Many people have enjoyable work experiences; however, sometimes, that isn't the case. Minneapolis workers may be interested to know that in late November of this year, an Iowa woman who once worked as a corrections officer filed a federal employment discrimination suit against her county and its jail administrator and sheriff. The former employee claims she was made to work in a hostile work environment and was a victim of workplace retaliation, gender discrimination and wrongful termination in August 2011.
The lawsuit seeks reinstatement, back and front pay, emotional damages, damages for loss of pay and benefits, punitive damages and attorneys' fees.
The employee was hired in 2005 as a full-time jailer but was fired six years later for making remarks to a co-worker about her treatment and for writing comments about one of the defendants on Facebook, according to the defendants.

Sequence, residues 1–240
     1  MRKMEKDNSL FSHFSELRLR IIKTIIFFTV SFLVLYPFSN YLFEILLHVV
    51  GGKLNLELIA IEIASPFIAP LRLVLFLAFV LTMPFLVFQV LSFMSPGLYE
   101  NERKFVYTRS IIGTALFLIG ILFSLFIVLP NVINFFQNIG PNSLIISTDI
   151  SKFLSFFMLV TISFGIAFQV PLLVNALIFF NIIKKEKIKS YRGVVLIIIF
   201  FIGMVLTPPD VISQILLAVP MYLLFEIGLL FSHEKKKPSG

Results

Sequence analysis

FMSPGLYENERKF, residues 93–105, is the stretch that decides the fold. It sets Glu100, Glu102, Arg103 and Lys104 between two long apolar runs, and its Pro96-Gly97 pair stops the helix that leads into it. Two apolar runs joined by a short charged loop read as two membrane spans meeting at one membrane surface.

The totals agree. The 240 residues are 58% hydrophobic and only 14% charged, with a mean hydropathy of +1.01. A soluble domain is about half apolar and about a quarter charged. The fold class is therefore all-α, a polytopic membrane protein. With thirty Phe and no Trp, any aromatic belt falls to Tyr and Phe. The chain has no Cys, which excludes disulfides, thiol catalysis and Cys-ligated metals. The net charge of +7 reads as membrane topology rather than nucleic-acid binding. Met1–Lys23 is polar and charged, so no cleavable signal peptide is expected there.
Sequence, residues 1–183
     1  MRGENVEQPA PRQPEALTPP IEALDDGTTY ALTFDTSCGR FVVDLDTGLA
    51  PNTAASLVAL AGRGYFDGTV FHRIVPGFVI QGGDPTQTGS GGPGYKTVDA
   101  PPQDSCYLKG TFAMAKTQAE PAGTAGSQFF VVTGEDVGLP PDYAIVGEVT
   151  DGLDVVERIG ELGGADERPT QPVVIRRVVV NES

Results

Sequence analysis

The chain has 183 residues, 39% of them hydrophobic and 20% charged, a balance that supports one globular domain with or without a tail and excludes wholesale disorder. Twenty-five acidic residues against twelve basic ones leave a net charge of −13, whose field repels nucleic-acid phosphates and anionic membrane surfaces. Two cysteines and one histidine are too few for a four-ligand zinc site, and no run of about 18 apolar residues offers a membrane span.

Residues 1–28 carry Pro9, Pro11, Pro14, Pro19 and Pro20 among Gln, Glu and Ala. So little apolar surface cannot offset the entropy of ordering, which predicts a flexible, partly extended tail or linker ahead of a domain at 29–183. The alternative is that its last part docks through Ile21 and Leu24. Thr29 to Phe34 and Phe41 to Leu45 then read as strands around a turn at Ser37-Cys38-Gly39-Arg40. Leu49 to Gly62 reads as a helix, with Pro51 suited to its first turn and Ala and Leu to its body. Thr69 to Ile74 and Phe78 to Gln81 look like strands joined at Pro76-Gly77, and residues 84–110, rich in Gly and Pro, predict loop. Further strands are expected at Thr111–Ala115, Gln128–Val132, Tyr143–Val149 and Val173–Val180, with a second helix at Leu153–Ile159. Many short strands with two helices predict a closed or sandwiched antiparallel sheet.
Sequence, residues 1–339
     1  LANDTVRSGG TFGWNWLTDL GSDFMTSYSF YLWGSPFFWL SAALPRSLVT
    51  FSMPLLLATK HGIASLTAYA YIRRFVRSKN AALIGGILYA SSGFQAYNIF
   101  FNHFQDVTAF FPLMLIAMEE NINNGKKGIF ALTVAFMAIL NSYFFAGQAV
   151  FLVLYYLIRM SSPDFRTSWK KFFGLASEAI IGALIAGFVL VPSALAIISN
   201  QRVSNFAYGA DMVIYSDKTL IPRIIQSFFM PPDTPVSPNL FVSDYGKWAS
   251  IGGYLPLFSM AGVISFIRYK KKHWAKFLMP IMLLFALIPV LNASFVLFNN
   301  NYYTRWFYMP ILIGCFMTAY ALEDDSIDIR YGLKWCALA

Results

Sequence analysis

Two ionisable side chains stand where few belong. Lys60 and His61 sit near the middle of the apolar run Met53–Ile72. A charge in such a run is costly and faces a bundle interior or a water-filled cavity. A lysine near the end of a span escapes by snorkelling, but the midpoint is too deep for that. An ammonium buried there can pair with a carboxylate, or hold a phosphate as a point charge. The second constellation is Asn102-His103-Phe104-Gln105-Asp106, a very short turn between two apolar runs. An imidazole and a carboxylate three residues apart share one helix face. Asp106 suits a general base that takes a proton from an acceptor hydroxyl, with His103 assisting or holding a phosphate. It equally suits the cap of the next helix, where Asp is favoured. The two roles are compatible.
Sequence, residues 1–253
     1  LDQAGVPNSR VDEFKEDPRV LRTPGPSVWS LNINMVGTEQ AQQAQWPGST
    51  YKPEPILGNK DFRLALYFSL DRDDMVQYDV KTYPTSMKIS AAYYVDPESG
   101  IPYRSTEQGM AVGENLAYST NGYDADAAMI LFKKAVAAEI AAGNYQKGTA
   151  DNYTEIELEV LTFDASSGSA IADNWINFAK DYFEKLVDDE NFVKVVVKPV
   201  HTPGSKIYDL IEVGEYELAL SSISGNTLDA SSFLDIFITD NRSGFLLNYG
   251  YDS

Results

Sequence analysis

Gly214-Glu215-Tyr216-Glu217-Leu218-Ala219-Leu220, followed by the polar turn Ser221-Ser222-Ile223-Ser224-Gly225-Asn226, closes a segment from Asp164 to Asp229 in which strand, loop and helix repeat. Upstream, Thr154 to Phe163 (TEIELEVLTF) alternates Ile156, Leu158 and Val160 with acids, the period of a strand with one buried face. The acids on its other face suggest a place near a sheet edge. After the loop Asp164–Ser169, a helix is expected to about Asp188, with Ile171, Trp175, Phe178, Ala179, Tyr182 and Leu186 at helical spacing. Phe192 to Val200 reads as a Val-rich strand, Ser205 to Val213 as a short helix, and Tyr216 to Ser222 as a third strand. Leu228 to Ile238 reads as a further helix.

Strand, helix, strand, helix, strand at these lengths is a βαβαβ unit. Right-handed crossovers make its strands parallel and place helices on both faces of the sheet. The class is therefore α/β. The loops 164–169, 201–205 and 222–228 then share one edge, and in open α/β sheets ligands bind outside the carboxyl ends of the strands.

The former employee maintains that gender discrimination and disability from a workplace accident were factors in her termination. She had taken leave due to the injuries but was terminated when she returned.
The plaintiff has cited 16 examples of gender discrimination. According to the lawsuit, she was reprimanded for using her cell phone at work and for looking for a babysitter using her official email. The employee has alleged that other staff members used their cellphones while at work without any action against them.
A judge has denied the former employee's appeal for unemployment benefits because the comments posted by the former employee on Facebook were unprofessional, inappropriate and disrespectful. The employee's attorney has requested a judicial review regarding the employment board's decision.
Minneapolis workers who believe they may have been wrongfully terminated because of gender or who face a hostile work environment may have a valid lawsuit. An experienced employment law attorney can help workers assess their situation and determine if their employers violated state or federal laws.
Source: globegazette.com, "Former county employee files federal lawsuit," Deb Nicklay, Nov. 28, 2012